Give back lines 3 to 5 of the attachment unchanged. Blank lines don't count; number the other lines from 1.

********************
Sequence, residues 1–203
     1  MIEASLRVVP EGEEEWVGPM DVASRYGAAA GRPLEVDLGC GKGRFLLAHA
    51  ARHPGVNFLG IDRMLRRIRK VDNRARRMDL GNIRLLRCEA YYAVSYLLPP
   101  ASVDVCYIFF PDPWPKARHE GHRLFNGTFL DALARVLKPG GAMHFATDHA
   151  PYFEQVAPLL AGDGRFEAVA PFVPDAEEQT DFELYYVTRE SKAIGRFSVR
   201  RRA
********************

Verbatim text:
    51  ARHPGVNFLG IDRMLRRIRK VDNRARRMDL GNIRLLRCEA YYAVSYLLPP
   101  ASVDVCYIFF PDPWPKARHE GHRLFNGTFL DALARVLKPG GAMHFATDHA
   151  PYFEQVAPLL AGDGRFEAVA PFVPDAEEQT DFELYYVTRE SKAIGRFSVR